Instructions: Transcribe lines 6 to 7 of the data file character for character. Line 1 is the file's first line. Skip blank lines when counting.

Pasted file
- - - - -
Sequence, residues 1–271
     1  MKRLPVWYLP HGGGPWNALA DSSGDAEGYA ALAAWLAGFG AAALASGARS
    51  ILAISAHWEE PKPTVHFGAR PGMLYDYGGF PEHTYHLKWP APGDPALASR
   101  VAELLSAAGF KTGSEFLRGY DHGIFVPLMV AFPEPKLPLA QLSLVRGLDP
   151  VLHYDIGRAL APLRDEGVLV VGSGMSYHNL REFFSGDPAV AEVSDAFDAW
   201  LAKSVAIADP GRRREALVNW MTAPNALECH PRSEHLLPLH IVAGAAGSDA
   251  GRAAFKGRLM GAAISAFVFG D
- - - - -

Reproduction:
   201  LAKSVAIADP GRRREALVNW MTAPNALECH PRSEHLLPLH IVAGAAGSDA
   251  GRAAFKGRLM GAAISAFVFG D